The cost of Glasgow's new publicly funded transport museum has risen by almost 50%.

The proposed riverside project will now cost £74m, up from the initial £50m estimate when it was first approved.

The extra £24m came to light as Glasgow City Council moved to approve the main contractors for the project, which will sit on the north banks of the Clyde just down stream from the SECC.

Last autumn the architect behind the scheme, Zaha Hadid, was told to investigate ways of cutting the cost after it has risen to £60m. Saving were already made by replacing aluminium cladding with zinc.

Next week, Glasgow City Council's executive committee will decide whether to approve the appointment of builders HBG Construction and an increase in capital funding of £14m, taking the total budget to £74m.

The reasons for the budget rise are given as inflation in the price of core materials, lack of competition in the construction market and the detailed design of the building.

Some members of the committee are enthusiastic about the design and the benefits of the new building at the Glasgow Harbour development.

Ground on the banks where the River Kelvin meets the River Clyde at the old Yorkhill Quay is already being prepared and major road works constructing access roads and an interchange at the Clydeside expressway are under way.

Councillor Archie Graham, executive member for Culture and Sport Glasgow, said: "The museum will very quickly become a vital part of Glasgow's cultural life, a world-class museum and visitor attraction in a world-class city.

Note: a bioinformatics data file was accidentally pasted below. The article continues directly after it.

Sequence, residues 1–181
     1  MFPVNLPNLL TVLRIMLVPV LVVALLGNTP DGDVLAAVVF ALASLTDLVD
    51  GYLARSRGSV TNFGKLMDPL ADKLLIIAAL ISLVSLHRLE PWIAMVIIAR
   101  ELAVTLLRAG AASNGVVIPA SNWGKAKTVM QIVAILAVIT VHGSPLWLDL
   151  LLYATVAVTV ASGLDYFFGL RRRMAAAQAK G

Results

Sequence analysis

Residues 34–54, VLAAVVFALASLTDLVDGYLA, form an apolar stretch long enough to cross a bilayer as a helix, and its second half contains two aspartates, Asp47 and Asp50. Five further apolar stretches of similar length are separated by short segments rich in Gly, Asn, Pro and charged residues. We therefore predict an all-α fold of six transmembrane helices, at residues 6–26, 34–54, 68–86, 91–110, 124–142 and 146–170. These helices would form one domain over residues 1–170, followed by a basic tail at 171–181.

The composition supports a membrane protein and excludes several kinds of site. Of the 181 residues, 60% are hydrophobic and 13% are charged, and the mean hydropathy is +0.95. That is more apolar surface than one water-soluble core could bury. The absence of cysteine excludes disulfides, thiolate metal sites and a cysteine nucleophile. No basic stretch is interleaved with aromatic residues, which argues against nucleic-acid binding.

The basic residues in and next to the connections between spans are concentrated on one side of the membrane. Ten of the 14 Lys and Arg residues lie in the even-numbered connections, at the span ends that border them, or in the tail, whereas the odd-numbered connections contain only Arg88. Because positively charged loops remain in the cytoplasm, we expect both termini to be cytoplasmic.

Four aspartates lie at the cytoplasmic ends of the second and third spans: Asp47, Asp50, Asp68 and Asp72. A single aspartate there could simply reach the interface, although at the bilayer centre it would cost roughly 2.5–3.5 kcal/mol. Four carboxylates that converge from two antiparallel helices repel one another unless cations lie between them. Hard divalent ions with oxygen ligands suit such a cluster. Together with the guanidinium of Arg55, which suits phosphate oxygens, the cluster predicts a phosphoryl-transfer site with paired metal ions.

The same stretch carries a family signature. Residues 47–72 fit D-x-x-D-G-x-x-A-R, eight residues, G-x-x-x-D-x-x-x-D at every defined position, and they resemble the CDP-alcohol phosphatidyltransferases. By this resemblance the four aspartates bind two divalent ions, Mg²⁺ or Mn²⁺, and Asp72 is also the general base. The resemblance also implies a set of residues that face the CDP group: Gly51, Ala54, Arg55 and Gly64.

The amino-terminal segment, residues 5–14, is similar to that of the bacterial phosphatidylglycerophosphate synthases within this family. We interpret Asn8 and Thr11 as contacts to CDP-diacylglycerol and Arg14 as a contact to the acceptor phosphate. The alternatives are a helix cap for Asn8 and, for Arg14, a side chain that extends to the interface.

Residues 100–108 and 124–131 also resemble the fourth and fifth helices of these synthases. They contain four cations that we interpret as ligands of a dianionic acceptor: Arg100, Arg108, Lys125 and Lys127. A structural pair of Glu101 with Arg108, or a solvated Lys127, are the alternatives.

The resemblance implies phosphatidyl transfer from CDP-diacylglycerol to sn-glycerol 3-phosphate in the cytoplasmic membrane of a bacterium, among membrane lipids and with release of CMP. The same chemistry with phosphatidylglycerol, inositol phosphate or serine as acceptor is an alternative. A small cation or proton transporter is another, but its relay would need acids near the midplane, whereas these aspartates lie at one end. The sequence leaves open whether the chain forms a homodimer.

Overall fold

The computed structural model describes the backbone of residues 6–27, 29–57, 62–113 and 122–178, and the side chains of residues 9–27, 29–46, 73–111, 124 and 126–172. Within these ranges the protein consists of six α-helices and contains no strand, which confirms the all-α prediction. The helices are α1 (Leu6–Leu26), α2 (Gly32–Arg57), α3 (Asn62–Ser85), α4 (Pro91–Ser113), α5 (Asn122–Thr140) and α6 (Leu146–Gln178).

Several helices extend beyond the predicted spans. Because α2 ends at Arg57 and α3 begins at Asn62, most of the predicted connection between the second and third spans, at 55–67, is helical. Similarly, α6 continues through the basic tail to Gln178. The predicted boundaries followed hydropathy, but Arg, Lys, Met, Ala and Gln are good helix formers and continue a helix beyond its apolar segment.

"While there has been inflation in the costs of the project, we now have a clearer picture of the ultimate cost.

"We are not prepared to accept that there are parts of Glasgow which are simply too difficult to regenerate, as long as there is any chance of bringing previously derelict land back into use and delivering new facilities for Glasgow."

Others are more sceptical about the need for high profile designs. John Mason, SNP group leader, said: "There are major concerns about the costs. It is unacceptable.

"Yes we want nice buildings but these innovative designs tend to be the ones that go way over budget. The building is not the important thing. People go to the transport museum to see what's inside rather than the outside."

The museum will replace the transport museum currently at the Kelvin Hall, and will have almost as much exhibition space as the newly refurbished Kelvingrove Art Gallery and Museum.

Council officials stated detailed reasons for the cost increase since the initial 2002 figure, including a rise in the price of steel beams of 25%, overall construction materials of 33% and labour costs have risen by 37%.

Specifically it was explained that the cost of a single panel of anti-sun glass, needed to protect exhibits, had increased from £70 to £115.

Rising costs were given as the reason for scrapping a planned Richard Rogers designed bridge across the Clyde linking Tradeston to Broomielaw. Costs increased from £38m to £60m and eventually a cheaper version, dubbed the squiggly bridge, was approved costing £3.7m.

It is hoped the new museum will be an iconic building immediately associated with Glasgow. Zaha Hadid won the contract after her design with a waved roof won over the selection panel.

Hadid, from Iraq, is the only woman to have won the prestigious Pritzer Prize for Architecture and she has been shortlisted for the British Stirling Prize for Architecture for her design of the BMW headquarters and Phaeno Science Centre, in Germany.